Linda Keen, Canadian Nuclear Safety Commission (CNSC) president, has published a letter strongly challenging written comments made by Gary Lunn, Canada's Natural Resources Minister, which questioned Keen's judgement.
Lunn wrote his letter in the wake of the prolonged shutdown of the National Research Universal reactor at Chalk River, which supplies radioisotopes to the global medical community. The letter was written on 27 December 2007 and was obtained and published by the Ottawa Citizen newspaper.
In his letter, Lunn expressed his 'deep concern' with respect to the actions of the CNSC and the 'failure' of the commission to facilitate the timely return to operation of the reactor. He went on to question whether Keen possessed 'the fundamental good judgement required' to carry out her job. Lunn said he was considering recommending the termination of Keen's appointment as president of the CNSC. He invited Keen to respond by 10 January.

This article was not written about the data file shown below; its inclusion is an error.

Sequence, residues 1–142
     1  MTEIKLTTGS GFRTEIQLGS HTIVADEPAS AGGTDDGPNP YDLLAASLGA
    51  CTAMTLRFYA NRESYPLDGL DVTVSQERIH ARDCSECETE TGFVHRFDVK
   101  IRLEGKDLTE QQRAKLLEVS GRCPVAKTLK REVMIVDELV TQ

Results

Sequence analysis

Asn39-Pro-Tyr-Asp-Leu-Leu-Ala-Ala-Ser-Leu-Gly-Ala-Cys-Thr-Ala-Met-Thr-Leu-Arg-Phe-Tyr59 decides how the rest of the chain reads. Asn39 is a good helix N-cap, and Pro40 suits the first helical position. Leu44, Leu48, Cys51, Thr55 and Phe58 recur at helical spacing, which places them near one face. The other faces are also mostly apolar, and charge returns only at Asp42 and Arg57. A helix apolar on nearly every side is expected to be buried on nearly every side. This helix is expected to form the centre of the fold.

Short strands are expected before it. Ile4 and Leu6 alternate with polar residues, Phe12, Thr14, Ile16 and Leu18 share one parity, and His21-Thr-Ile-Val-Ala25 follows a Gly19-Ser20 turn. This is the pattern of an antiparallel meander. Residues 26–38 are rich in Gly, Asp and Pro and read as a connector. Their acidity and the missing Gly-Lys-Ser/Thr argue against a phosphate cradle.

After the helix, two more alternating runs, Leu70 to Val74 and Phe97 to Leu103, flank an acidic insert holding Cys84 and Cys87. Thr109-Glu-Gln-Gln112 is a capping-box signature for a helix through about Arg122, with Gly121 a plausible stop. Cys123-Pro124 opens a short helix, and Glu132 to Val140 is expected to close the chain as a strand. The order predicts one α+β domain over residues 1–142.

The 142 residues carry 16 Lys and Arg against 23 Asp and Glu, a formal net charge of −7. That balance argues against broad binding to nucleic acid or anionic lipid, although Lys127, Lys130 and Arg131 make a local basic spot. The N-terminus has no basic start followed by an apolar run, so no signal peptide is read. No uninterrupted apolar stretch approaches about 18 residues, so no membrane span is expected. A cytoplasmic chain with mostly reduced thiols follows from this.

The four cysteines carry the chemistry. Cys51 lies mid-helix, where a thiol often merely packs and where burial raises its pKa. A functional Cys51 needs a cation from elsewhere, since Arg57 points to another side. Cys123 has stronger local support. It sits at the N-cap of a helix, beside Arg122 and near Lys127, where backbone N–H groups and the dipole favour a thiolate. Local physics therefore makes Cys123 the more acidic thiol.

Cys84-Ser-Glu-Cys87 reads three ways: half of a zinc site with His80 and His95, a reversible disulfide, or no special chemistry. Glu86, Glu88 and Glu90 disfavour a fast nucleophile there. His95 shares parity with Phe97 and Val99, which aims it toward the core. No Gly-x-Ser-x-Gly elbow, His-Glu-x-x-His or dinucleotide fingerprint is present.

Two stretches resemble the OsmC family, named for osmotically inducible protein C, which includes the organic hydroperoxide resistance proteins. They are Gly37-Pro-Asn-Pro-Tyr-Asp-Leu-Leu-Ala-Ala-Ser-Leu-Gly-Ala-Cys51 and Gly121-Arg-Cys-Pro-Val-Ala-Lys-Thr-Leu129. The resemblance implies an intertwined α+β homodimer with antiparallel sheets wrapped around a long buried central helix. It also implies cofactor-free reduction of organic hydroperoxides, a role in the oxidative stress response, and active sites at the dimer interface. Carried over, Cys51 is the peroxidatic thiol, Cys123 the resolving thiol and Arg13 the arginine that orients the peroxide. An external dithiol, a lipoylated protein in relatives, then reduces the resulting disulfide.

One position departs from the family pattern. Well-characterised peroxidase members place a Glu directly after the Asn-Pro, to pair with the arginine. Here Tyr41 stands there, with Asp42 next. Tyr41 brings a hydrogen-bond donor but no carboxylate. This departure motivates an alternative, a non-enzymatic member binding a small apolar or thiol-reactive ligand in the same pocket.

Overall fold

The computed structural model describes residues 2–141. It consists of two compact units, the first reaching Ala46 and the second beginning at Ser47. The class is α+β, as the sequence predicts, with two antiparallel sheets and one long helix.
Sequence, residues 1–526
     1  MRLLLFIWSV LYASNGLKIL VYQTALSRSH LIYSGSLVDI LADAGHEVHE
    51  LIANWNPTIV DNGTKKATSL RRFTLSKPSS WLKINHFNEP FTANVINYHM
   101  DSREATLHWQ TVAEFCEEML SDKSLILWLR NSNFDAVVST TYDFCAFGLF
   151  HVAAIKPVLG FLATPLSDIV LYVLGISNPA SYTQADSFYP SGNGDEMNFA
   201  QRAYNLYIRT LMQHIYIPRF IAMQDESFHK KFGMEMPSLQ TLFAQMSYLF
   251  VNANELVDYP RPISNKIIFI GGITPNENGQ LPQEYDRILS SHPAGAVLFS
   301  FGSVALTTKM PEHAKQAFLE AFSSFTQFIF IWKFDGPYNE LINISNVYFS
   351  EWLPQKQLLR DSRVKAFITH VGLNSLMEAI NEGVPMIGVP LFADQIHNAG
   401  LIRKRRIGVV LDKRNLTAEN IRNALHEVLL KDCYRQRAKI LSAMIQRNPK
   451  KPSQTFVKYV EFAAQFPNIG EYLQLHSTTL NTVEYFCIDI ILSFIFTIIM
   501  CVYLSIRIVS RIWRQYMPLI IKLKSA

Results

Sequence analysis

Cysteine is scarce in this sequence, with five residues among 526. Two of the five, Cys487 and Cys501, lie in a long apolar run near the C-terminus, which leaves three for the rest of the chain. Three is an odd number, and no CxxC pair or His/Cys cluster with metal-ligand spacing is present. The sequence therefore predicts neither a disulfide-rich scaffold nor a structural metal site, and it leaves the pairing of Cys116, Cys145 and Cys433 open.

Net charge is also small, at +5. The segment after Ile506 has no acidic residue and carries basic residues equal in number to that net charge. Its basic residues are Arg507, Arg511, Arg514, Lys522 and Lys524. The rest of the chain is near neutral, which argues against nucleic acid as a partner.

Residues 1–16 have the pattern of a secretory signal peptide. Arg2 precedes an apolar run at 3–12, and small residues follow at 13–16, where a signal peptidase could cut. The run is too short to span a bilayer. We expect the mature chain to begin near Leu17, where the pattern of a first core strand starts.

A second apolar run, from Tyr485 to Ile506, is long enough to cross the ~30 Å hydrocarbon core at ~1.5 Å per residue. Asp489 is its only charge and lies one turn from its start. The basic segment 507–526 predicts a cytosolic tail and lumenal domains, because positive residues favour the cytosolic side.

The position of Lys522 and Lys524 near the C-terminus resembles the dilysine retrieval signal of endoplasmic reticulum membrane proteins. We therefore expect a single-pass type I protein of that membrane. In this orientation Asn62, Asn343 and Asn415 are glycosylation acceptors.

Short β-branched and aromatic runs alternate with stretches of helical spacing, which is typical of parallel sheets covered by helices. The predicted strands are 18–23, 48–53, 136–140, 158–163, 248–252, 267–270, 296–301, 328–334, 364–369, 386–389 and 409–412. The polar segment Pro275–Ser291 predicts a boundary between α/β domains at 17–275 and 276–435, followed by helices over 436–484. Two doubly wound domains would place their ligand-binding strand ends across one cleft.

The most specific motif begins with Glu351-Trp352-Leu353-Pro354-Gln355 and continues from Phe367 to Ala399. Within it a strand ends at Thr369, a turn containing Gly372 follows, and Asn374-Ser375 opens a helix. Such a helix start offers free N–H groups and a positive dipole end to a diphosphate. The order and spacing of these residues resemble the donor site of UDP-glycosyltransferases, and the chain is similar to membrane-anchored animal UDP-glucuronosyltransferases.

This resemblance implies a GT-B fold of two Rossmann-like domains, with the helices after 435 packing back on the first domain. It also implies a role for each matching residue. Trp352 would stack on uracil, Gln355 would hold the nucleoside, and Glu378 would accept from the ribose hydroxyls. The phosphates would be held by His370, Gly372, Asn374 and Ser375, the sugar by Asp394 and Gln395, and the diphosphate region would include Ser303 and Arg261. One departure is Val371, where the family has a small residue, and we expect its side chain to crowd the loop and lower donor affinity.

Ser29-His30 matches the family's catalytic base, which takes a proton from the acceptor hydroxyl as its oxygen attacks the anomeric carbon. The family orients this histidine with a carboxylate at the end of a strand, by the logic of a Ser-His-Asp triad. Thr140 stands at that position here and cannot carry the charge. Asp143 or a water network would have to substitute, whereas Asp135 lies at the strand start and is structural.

Keen responded on 8 January with a strongly worded letter published, alongside Lunn's original letter, on the CNSC website. Keen claimed that any objective assessment of the facts would reveal that the 'serious allegations' made by Lunn were 'entirely without merit'.
Keen said that she was compelled to respond, as failure to do so would undermine the public's 'trust and confidence' in the CNSC. Keen also said that Lunn's allegations and threat to have her removed from the post of president 'seriously undermine the independence of the CNSC', a matter Keen said was deeply troubling.
Keen defended the actions of the CNSC with regards to the handling of the Chalk River reactor shutdown and also defended her own conduct, saying that Lunn's letter had not contained a 'single allegation of personal misconduct' on Keen's part.
Keen strongly recommended the issue of her performance as president of the CNSC be referred to a public inquiry, parliamentary committee or independant international review. Keen said she expected to serve as president until her term expired in 2010.